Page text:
Shang-Chi and the Legend of the Ten Rings: Marvel’s Rising Star Shines Bright

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Riley Kasprzyk, Entertainment Editor

The latest installment in the Marvel Cinematic Universe (MCU) arrived in theaters on September 3, 2021, and it did not disappoint. Shang-Chi and the Legend of the Ten Rings stars Simu Liu as the charismatic Shang-Chi. The film also features Awkwafina as Katy (Shang-Chi’s best friend), Meng’er Zhang as Xu Xialing (Shang-Chi’s sister), Fala Chen as Ying Li (Shang-Chi’s mother), and legendary actor Tony Leung, portraying the film’s villain and father to Shang-Chi, Wenwu. Destin Daniel Cretton serves as the director of the film and it is rated PG-13. 

The film’s story follows Shang-Chi, who lives in San Francisco and works as a valet with his confidant Katy. They like to stay out late partying and singing karaoke, always looking out for one another. But after the two of them are suddenly attacked on a bus by a group of assassins, Shang-Chi must reveal his heritage to Katy: he is the son of Wenwu, leader of the terrorist organization known as The Ten Rings, named after the ten rings, he uses to give himself increased longevity and great power. After running away and not seeing his father in a decade, the assassins sent were his father’s, sucking Shang-Chi and Katy into a quest to stop Wenwu.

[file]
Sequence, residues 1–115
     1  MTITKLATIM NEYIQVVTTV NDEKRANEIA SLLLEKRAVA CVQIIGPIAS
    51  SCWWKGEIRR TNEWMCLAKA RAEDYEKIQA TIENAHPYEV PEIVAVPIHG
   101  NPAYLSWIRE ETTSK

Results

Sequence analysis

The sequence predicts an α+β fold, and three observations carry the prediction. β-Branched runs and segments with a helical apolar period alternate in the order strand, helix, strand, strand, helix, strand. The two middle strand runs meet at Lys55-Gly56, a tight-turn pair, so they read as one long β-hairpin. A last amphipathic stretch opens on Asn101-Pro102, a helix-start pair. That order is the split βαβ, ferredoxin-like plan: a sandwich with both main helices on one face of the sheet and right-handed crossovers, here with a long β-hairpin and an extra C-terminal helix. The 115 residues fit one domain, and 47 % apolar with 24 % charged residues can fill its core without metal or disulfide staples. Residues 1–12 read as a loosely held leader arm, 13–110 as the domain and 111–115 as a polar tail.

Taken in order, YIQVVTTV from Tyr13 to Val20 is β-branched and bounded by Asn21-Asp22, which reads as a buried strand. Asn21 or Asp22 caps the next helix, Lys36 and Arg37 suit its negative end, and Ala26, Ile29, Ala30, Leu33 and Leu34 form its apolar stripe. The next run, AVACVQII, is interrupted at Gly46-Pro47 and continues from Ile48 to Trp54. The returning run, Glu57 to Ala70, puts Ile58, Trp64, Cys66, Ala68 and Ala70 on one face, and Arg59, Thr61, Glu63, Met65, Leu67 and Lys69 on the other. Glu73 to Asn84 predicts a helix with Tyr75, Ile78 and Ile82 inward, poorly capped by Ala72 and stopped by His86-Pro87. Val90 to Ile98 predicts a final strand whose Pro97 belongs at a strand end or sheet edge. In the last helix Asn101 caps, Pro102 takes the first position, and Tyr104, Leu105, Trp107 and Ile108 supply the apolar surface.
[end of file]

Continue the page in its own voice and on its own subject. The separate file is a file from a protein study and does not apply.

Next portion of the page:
The greatest praise that I can give to this movie is that it breaks the rigid mold that most other MCU films are confined to. While this movie is a superhero movie, it also serves as a kung-fu adventure film with emotional depth. Whereas films such as Captain America: Civil War are popcorn flicks focused on giving audiences the maximum amount of entertainment possible, Shang-Chi and the Legends of the Ten Rings is a much softer, more intimate story. This is especially apparent with the film’s villain, Wenwu. By making the antagonist the father of the hero, the conflict between them allows for the exploration of themes such as living up to the expectations of your parents and accepting all aspects of where you come from, both the good and the bad. Additionally, the film is not bogged down by the typical quippy MCU style of humor. While I consider Avengers: Endgame to be one of my favorite films, the movie ruined countless emotional scenes by forcing in lame humor. It’s hard to care about Thor’s grief when you have three characters making fun of him in the same way every thirty seconds. In this film, characters are allowed to have heart-to-heart conversations that peel back their layers and develop them, with one exception (there’s an awful joke when our heroes are on an airplane that kills all emotion in the scene).